Widely regarded as one of the finest batsmen to play the game, Sangakkara was the backbone of Sri Lanka’s batting for over a decade. In 38 World Cup matches, he amassed 1,532 runs at an average of 52.06 including four centuries. Sangakkara was the leading run-scorer in the 2015 edition. More than his runs, it was his calm demeanour and ability to steer his team out of trouble that made him a valuable asset. Along with Mahela Jayawardene, he formed a formidable middle order partnership and played a key role in Sri Lanka’s title triumph in 1996 and runners-up finishes in 2007 and 2011.

5.    Mahela Jayawardene (Sri Lanka)

The elegant right-handed batsman was the perfect foil to Kumar Sangakkara in Sri Lanka’s golden era. In 48 World Cup matches, Jayawardene amassed 1,889 runs at an average of 44.05 including six centuries. He was a big match player who often played match-winning knocks for his team. Along with Sangakkara, he formed the backbone of Sri Lanka’s batting and was their leading run-scorer in the 2007 edition where they finished runners-up. Jayawardene also led Sri Lanka to the final in 2011. His astute captaincy and classy batting made him one of the best ODI all-rounders of his generation.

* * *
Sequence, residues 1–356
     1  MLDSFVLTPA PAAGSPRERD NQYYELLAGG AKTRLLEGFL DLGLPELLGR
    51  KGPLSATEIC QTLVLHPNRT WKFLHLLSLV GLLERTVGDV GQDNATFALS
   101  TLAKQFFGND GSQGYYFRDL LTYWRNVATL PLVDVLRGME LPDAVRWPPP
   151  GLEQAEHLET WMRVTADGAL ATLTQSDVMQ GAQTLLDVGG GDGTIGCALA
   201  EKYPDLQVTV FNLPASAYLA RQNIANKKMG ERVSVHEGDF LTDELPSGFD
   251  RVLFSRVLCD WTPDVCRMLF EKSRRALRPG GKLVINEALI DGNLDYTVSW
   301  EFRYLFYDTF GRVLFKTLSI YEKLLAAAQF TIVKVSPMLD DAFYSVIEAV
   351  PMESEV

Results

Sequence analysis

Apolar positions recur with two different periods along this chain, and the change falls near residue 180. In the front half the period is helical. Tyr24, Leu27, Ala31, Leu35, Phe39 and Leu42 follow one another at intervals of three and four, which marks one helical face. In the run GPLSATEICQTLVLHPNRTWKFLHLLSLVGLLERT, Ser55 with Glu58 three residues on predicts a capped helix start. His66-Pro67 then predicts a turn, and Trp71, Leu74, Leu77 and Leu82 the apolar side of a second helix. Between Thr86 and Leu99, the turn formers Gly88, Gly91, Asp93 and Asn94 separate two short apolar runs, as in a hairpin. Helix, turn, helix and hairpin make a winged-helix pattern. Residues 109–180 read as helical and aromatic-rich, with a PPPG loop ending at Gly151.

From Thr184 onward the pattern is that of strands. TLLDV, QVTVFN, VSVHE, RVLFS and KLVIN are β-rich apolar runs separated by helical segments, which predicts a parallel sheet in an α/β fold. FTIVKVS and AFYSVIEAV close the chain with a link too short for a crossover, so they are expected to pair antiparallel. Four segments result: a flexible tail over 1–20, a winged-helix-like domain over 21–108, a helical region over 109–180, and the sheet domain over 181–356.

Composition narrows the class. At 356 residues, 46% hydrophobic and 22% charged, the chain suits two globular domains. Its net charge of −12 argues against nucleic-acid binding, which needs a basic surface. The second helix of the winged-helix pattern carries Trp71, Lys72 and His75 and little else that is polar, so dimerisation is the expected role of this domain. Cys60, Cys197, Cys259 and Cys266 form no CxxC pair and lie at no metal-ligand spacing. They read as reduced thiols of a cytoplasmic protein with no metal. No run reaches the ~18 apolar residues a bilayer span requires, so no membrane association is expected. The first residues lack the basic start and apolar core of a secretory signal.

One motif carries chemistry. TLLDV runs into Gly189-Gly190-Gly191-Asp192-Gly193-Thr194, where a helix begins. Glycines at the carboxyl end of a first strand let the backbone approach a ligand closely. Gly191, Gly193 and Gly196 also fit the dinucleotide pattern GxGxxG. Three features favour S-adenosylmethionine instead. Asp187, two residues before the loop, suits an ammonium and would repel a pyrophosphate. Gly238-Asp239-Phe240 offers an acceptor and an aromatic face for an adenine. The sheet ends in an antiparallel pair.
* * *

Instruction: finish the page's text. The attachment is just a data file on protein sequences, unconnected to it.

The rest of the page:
6.    Adam Gilchrist (Australia)

The explosive left-handed wicketkeeper-batsman from Australia changed the way wicketkeeping batting was looked at. In his eight World Cup appearances between 1999-2007, Gilchrist blasted 1,085 runs at an average of 35.50 including four centuries. More than his runs, it was his ability to take the game away from the opposition in the blink of an eye that made him such an impactful player. Gilchrist’s pyrotechnics played a key role in Australia’s successive World Cup triumphs in 1999, 2003 and 2007. He was a match-winner who could single-handedly turn a game on its head.

7.    AB de Villiers (South Africa)

The 360-degree batting genius from South Africa was simply a joy to watch in his prime. In his six World Cup appearances between 2003-2015, de Villiers amassed 902 runs at an average of 60.13 including four centuries. More than his runs, it was his ability to effortlessly switch gears and take the game away from the opposition that stood out. He played some of the most incredible innings in World Cup cricket but could not convert his individual brilliance into team success. However, de Villiers’ exploits with the bat made him one of the most watchable and entertaining batsmen of the modern era.